On November 15 – Commit to Quit

Great American Smokeout - Quit Smoking November 15You’ve heard the health tips a million times: exercise regularly, eat a healthy, balanced diet, and limit alcohol consumption. And the most frequently recommended tip to improve overall health and prevent disease? Don’t smoke.

Tobacco use continues to hold the top seat as the single greatest preventable cause of disease and premature death in America. It’s evidence like that which prompts Emory Healthcare, the Winship Cancer Institute of Emory University, and the American Cancer Society to take action towards improving awareness around the importance of quitting smoking for the 45 million Americans who still smoke cigarettes and the 15 million Americans who smoke cigars or pipes.

Each year, the American Cancer Society hosts its Great American Smokeout event to create a way to encourage current smokers to set a date, as a group, to quit. This year’s Great American Smokeout takes place on November 15, 2012, and we want to encourage those members of our community who smoke or use tobacco products to take an important step in owning their health by joining others who will choose to make November 15 their quit date.

Quitting is not easy and there’s no single approach that works for everyone, but there is help. If you are trying to quit smoking, know that you have the support of the Emory community and hundreds of individuals like you who have been through it. Carla Berg, PhD, assistant professor at Emory’s Rollins School of Public Health and an expert on smoking behaviors, says most people make multiple attempts to quit before being successful, “but every time you try, you’re one step closer to actually quitting. And if you quit by age 30, research shows you’ll have the same life expectancy as someone who’s never smoked.”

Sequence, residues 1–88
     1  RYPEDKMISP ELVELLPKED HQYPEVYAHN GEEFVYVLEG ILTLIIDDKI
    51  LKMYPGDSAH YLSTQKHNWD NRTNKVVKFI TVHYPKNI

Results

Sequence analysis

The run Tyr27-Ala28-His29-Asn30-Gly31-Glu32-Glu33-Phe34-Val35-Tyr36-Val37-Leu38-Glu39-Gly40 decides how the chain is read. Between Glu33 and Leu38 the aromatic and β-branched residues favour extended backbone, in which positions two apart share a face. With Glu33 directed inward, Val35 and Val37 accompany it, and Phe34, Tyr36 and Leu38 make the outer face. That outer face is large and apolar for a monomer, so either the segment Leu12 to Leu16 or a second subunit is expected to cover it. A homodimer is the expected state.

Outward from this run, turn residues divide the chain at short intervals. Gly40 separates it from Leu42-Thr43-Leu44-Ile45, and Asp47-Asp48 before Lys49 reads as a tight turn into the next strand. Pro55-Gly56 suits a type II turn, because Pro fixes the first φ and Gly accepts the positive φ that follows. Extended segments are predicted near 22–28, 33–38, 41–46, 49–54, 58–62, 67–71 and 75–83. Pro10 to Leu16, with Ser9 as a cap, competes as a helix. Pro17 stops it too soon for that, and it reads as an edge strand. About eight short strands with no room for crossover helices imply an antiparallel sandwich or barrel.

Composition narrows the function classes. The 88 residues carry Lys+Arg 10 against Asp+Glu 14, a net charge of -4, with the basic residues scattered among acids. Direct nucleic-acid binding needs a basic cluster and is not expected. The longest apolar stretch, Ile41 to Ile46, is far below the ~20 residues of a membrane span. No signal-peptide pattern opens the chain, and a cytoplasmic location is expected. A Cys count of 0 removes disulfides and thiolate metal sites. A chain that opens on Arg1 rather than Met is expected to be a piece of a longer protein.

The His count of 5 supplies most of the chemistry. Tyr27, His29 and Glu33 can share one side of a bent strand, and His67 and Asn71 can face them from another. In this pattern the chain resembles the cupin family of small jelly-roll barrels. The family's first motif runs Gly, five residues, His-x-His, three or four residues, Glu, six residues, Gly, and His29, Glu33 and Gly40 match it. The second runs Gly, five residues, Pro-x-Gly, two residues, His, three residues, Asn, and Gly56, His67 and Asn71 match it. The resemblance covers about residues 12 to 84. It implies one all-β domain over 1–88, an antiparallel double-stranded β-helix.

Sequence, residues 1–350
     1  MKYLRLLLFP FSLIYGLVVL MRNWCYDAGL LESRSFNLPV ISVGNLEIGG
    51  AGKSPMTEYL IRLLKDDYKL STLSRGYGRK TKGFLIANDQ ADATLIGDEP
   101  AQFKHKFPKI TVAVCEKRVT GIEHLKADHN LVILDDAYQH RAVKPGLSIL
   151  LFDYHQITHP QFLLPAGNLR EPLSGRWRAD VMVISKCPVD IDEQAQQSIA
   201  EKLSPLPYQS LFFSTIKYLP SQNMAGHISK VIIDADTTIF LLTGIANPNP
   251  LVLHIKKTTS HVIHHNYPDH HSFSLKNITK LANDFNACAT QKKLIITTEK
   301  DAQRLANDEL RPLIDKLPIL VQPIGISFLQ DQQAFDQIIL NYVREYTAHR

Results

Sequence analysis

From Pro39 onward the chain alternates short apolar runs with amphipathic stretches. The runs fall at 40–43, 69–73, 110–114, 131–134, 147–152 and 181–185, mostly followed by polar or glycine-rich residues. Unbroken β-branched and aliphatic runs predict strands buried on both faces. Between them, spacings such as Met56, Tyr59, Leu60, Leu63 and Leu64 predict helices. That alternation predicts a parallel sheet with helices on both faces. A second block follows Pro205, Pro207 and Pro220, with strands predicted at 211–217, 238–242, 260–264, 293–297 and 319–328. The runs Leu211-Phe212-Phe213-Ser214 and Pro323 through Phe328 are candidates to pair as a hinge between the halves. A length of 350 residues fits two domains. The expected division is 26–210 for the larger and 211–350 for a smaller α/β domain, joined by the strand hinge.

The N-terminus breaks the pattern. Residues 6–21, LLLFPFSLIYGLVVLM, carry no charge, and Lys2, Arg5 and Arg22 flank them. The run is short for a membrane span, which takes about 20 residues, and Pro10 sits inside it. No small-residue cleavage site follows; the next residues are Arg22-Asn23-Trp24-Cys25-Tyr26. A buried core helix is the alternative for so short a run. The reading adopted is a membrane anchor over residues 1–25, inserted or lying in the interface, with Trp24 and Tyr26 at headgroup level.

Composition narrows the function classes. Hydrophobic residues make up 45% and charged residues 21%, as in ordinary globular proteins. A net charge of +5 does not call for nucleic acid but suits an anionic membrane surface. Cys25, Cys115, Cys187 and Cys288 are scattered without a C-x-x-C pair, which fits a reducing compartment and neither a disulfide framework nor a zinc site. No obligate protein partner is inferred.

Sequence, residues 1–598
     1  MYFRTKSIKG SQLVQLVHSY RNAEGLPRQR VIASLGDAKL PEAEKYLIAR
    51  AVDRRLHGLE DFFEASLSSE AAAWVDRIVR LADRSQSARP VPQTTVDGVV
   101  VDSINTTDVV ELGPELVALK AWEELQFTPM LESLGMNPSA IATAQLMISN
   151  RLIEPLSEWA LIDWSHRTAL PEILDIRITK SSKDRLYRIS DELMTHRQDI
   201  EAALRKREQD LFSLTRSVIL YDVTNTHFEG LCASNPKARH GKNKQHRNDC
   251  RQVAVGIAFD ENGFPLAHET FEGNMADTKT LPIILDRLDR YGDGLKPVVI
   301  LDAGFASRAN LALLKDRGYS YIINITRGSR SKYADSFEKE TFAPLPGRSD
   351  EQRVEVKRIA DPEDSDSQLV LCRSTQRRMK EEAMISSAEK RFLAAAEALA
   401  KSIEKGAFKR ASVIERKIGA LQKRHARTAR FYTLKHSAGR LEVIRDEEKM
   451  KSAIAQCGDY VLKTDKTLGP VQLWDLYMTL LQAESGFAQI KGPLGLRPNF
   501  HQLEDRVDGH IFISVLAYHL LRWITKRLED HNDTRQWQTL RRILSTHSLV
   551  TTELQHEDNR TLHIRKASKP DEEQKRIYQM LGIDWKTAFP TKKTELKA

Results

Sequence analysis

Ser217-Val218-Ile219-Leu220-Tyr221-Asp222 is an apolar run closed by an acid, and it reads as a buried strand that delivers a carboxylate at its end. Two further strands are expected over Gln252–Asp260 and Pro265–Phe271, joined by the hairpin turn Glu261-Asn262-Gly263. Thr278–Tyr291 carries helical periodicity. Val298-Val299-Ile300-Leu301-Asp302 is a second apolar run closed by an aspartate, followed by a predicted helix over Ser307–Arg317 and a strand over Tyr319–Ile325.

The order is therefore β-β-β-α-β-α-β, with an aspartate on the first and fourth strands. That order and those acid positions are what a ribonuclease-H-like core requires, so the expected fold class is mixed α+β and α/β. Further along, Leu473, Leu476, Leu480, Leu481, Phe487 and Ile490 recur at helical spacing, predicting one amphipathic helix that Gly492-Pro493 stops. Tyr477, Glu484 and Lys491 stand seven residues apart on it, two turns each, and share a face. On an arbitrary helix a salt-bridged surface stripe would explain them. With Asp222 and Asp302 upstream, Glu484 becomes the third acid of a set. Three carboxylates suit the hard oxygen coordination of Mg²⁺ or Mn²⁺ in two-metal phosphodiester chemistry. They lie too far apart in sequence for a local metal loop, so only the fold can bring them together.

And no matter what your age, your health improves every day you’re not smoking. It’s never too late to quit.

When it comes to tobacco-use, there are no hypotheticals. Smoking cigarettes causes cancer, heart disease, lung disease and stroke. As an academic medical center, we are constantly searching for treatments and cures for disease, and we are just as passionately committed to disease prevention. To that end, Emory has implemented our own tobacco-free policy to promote and support the health of our patients, families, staff and community. As of September 1, 2012, the Emory family—including the Winship Cancer Institute of Emory University and Emory Healthcare—is a tobacco-free organization.

We ask that on November 15, 2012, you join us. We ask that you commit to quitting; commit to your health; commit to a better life.

If you have suggestions to share with our readers that have helped you or a loved one quit, please share them in the comments below. For more information and support resources related to quitting and the Great American Smokeout, visit the American Cancer Society’s website.

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  • Catherine W.

    I QUIT
    The first time I quit, I fooled myself into thinking “yeah, I can have a cigarette every now and then.” The every-now-and-then eventually turned into all the time. The last time I quit, I told myself I didn’t have that option. It made it easier because it was one less decision to make and it helped me stop thinking about it all the time.
    One thing that helped me: I started chewing gum or sucking on a mint every time I had a craving. It was something to do and at least partially replaced the ritual of pulling out a pack of cigarettes and lighting up. I’ve been an addicted gum chewer now for more than 20 years, but that’s an addiction I can live with!

  • David Z.

    There is a little known additional fact concerning smoking; the damage to your dental health. Smoking causes many oral health issues. We all know about oral cancer but, tissue damage and periodontal disease are also, linked to smoking.

    • Thanks David, for that helpful information. Very true and eye-opening advice!

  • Dean

    When you decide to quit smoking, enlist the help of friends and family. Tell everyone you know that you are trying to stop smoking. They can encourage and support you, and that can make all the difference for you. Also consider attending a support group or getting some behavioral therapy to assist you in quitting.

    • Emory Healthcare

      Great advice, Dean!